Everyone deserves a chance to work
24 Ionawr 2018
Mae'r cynnwys hwn ar gael yn Saesneg yn unig.
Cardiff Business School’s latest Breakfast Briefing has demonstrated how academic researchers, public sector practitioners and employers are working together to give people with learning disabilities and/or autism the chance to work.
Led by the Engage to Change project, funded by Learning Disability Wales and the Big Lottery Fund's Getting Ahead 2 grant, employers are being encouraged and supported to employ young people with a learning disability and/or autism.
Dr Stephen Beyer, from Cardiff University’s National Centre for Mental Health, started proceedings by sharing research on learning disability employment which highlighted that only 6% of people with a learning disability are in paid employment in the UK.
Dr Beyer said: “People with learning disabilities and people with autistic spectrum conditions represent a really underused talent pool. And it’s so frustrating because we know that these individuals can work and do a very good job...”
Independence in the workplace
Chris English, Operations Manager for ELITE Supported Employment Agency who work in collaboration with the Engage to Change programme, followed Dr Beyer’s presentation by outlining the support available to organisations who want to employ people with learning disabilities.
He said: “We don’t want tokenistic jobs...”
Mr English explained how ELITE remove complex issues that a person with learning disability may have with tasks and put in place systematic procedures that can help the individual become independent in the workplace.
Mr English added: “And, of course, we are also there to support organisations by providing training, assisting with recruitment and identifying any equipment that might be required to ensure that these young people can bring the benefits outlined by Dr Beyer to your organisation.”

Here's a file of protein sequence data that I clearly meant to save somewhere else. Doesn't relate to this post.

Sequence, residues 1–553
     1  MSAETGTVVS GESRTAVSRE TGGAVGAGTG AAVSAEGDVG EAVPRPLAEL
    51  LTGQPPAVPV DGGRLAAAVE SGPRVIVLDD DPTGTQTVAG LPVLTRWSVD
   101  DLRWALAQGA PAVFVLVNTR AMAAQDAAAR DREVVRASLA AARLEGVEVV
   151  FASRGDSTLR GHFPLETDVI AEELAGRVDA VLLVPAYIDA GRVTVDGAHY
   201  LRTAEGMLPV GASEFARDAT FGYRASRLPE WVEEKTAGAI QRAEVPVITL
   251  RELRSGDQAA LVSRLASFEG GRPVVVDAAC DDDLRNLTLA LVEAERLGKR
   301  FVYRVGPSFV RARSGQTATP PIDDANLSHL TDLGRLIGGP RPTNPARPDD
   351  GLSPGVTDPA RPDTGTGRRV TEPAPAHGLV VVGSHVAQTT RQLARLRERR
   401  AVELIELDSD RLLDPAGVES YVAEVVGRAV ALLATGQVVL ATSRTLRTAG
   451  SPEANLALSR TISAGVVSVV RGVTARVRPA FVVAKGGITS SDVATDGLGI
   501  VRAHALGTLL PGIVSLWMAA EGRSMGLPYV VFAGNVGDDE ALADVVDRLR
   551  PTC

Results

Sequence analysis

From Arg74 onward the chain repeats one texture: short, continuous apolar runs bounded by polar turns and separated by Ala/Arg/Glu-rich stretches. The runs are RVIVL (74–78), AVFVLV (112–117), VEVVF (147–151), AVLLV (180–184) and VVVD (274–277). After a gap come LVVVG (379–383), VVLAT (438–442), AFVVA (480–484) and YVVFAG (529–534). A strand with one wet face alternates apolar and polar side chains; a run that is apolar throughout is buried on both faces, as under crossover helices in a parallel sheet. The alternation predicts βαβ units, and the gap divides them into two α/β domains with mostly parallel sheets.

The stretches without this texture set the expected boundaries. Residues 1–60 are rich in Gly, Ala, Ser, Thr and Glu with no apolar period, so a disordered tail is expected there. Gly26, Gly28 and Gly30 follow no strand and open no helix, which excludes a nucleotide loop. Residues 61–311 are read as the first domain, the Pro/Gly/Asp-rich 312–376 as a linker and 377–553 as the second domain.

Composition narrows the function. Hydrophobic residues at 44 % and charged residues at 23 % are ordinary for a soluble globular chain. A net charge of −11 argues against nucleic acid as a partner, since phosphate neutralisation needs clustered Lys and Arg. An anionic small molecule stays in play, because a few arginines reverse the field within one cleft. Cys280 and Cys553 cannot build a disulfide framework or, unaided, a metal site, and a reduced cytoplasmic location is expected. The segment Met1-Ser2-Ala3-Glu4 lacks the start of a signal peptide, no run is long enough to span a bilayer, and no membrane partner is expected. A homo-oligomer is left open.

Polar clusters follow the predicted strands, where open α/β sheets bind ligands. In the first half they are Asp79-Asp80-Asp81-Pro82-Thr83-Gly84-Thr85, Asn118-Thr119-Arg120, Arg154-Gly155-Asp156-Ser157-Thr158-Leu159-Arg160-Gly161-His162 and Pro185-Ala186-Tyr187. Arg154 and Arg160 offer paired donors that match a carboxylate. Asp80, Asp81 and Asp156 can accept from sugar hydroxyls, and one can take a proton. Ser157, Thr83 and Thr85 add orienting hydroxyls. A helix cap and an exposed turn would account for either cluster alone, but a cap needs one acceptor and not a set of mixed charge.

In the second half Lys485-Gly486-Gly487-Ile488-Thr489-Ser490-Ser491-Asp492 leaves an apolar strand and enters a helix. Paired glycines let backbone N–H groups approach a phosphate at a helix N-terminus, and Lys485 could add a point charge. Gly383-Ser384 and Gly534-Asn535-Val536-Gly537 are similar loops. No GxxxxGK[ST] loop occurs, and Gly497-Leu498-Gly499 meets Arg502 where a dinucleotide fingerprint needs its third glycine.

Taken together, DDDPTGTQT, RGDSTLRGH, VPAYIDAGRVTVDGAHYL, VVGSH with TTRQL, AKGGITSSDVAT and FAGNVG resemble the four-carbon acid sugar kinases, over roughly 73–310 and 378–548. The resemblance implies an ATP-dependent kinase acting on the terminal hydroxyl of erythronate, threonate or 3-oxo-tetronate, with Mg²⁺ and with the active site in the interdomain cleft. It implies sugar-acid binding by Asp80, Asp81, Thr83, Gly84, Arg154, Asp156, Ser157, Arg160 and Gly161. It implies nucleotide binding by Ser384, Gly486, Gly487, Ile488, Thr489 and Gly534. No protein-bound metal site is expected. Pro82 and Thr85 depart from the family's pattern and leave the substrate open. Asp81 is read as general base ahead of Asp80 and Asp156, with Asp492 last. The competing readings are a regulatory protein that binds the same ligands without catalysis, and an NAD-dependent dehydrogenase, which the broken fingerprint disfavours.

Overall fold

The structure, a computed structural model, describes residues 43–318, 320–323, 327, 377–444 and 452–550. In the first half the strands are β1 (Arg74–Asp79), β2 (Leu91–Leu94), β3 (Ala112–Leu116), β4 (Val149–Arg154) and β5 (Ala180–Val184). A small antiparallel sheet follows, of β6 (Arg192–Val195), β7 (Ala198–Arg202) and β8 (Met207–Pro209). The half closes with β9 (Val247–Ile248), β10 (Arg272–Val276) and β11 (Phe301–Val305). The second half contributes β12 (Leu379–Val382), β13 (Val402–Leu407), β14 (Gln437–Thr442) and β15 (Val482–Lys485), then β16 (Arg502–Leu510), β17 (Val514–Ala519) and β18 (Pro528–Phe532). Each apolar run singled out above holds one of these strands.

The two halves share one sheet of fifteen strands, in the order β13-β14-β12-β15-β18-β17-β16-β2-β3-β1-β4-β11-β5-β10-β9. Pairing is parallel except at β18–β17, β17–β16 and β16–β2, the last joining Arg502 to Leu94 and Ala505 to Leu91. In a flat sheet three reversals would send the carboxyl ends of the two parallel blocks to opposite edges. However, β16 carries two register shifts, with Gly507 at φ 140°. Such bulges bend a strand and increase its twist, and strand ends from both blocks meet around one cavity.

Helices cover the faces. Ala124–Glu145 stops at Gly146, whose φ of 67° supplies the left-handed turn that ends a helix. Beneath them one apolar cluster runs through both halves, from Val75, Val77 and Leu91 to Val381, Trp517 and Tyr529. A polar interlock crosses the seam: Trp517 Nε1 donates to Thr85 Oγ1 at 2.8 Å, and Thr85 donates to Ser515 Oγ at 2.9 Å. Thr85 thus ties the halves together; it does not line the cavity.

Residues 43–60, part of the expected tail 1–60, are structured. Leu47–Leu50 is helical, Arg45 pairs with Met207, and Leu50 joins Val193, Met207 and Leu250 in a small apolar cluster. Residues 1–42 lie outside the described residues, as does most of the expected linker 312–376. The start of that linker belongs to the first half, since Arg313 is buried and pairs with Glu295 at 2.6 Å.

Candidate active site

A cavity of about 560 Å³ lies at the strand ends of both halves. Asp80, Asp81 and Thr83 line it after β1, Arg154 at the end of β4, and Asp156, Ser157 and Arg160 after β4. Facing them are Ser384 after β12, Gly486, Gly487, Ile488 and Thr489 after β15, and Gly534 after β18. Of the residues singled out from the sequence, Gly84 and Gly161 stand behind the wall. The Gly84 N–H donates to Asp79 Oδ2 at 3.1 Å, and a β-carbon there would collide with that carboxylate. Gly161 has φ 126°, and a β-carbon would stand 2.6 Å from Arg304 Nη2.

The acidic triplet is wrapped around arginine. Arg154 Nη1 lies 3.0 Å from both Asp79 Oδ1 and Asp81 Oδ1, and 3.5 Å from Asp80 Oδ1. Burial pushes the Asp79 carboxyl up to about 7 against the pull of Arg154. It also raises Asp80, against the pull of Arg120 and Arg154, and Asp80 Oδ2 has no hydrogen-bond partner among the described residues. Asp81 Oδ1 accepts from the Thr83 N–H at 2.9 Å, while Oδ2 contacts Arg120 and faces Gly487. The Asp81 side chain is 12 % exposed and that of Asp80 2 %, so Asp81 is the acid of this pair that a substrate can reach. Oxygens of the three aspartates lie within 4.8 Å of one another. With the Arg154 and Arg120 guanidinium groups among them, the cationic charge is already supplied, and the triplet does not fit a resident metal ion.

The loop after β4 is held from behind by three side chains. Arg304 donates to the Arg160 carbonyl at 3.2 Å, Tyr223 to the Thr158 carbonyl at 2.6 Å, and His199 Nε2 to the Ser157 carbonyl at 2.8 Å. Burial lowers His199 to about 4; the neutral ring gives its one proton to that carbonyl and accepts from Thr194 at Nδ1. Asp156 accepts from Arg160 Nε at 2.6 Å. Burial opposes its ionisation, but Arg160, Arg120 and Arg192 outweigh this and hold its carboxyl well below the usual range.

Next, Lily Beyer, who leads Engage to Change’s Project SEARCH Team at Cardiff University, shared her experiences working with students from Cardiff and Vale College on this one-year internship programme.
Project SEARCH is a major international project which provides employment and learning opportunities for young people with disabilities and/or autism.
Ms Beyer outlined the scope of the internships at Cardiff University, Wales’ first Project SEARCH employer, which offered job roles across its diverse professional and support services portfolio.
She also fed back testimonials from those who had worked closely with the interns in the project’s first year at the University.
Employing a diverse workforce
Before an engaging closing discussion, Liz Connolly, Cardiff University’s Head of HR Operations, shared the experiences of colleagues from across the University on employing a diverse workforce.
Ms Connolly referred to the way in which participation in Project SEARCH gave University staff an understanding of what employment opportunities meant to the interns and how their experiences reached beyond the workplace and into their family’s lives.
If you were unable to attend, catch up now.
Register now for the next briefing, entitled Digitally Legal, on 8 February 2018.
Led by Richard Moorhead - Professor of Law and Professional Ethics, and Vice Dean Research, UCL Faculty of Laws, London - the session will consider how Lawyers and businesses are changing legal services and legal risk management by embracing innovations in technology.
The Executive Education Breakfast Briefing series is a network that enables business contacts to find out more about the latest research and key developments from industrial partners.